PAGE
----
Category Archives: Gideon James

zebras

Mom, who is that guy?

(We are watching football.)

MOM. Who is that GUY? With his arm up? Who is that white guy?

(I blink quickly but do not move.)

That guy is the quarterback. He throws the ball to the other guys.

Oh.

Well, who’s that black guy?

The what?

That BLACK GUY! What does he do?

(I physically flinch. I am not ready for this conversation. I reach in my mind for conversations from my childhood to guide me, but there are none. NONE. Sixteen years of military dependency, and most of that isolated on 2 small bases overseas, offered plenty of opportunities to discuss country politics, rank, and branch loyalty. But color? Everyone was the same color: green camo. It’s not an excuse, but it explains why I am unprepared on a Saturday afternoon to talk about this particular brand of diversity with a four-year-old. I am simply not ready.) 

He’s the receiver. He catches the ball the quarterback throws.

(I watch him as he tilts his head.)

I don’t like him. He’s weird.

(And here, my heart sinks.)

Gideon! Bud. He’s not weird. God painted us all kinds of different shades of colors in this world. Sometimes it tells us what country our family is from. Sometimes it tells us we’ve been in the sun too long. But someone’s skin never tells us anything about whether they’re weird or smart or scary or nice or anything like that. Do you understand?

It’s his SKIN?!

Yes.

Why God did paint him like a zebra? That’s WEIRD.

(I look at the game again. I walk up to the tv and point.)

Are you talking about this guy? In the stripes? 

Yeah.

That’s the referee, Gideon. He makes sure everyone is following the rules.

Yeah. He’s weird. I would NOT want to be him.

Well, I think a lot of people agree with you, Bud.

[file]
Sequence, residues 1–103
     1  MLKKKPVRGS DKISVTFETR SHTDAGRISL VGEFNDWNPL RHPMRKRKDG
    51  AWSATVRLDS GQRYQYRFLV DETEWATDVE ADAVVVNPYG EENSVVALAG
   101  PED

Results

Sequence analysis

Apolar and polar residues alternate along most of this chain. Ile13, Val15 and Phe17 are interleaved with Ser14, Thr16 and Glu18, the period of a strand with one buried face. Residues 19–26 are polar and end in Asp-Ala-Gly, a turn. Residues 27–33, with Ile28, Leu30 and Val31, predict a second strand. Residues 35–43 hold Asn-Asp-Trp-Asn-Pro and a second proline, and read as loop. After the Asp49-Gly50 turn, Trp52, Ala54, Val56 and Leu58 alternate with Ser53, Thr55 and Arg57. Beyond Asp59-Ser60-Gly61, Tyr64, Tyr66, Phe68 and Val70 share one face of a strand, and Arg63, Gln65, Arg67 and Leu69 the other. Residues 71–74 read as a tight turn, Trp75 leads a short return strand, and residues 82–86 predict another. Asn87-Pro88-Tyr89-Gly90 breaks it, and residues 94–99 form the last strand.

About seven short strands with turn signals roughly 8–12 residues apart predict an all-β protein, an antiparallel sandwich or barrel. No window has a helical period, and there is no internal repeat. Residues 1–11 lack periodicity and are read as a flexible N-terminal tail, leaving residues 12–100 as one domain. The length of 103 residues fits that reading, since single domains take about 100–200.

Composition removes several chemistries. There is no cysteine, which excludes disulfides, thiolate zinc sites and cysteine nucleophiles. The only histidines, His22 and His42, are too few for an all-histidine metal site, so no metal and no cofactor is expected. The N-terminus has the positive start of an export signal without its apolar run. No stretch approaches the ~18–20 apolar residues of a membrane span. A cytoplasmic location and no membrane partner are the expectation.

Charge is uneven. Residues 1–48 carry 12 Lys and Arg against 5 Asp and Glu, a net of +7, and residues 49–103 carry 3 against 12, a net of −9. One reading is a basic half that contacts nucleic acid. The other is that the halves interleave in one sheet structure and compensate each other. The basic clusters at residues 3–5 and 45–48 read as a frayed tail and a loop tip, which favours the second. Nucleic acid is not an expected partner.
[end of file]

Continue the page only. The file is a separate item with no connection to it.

And I don’t want to be the white guy, either. 

Who do you want to be?

I want to be the blue guy. 

(I look at the game again.)

You want to be on the team that wears the blue pants.

Yeah. They’re awesome.

Not the white pants… the “white guys.”

Yeah.

YOU’RE awesome.

I know. And I am FAST, Mom. So fast.

There will be more conversations, I know… about weight and race and railroad tracks and religion and faith and tattoos and all those millions of feelings (learned or innate or bestowed) we must individually filter and hold up to the Light throughout a lifetime in the broken world. There will be so many more conversations. 

Please, Lord, remind me to ask twice as many questions as may be obvious, to listen more than talk, and to be thankful for the dialogue. And, please- when it is time… every time… give me words that build and expand, not diminish. Give me actions that care and affirm my words. And give me a heart that is not afraid.

Prejudice is a learned trait. You’re not born prejudiced; you’re taught it. • Charles R. Swindoll


permanent

I do so very much love my children.

I returned home from four days away and found all three of them pressed against the screen door, waiting for me. Rylie pushed the door open and stood on the top step with her arms outstretched and legs wiggling. I think she was humming. It was very sweet.

Gideon reverted to his dog impersonation, which is his go-to overwhelmed expression of love. He paused long enough to hug me around my neck and whisper, “I did miss you long time, Mom.”

Awww. Me, too, Buddy.

Now, Abby June… that girl. She hung back. When she finally made it out onto the steps she hopped up and down, which is two-year-old for PICK ME UP… so, I did. She sighed and kissed my cheek. Sighed and kissed me again. And then she buried her face in my neck and mumbled, “I did draw on your cabinet.”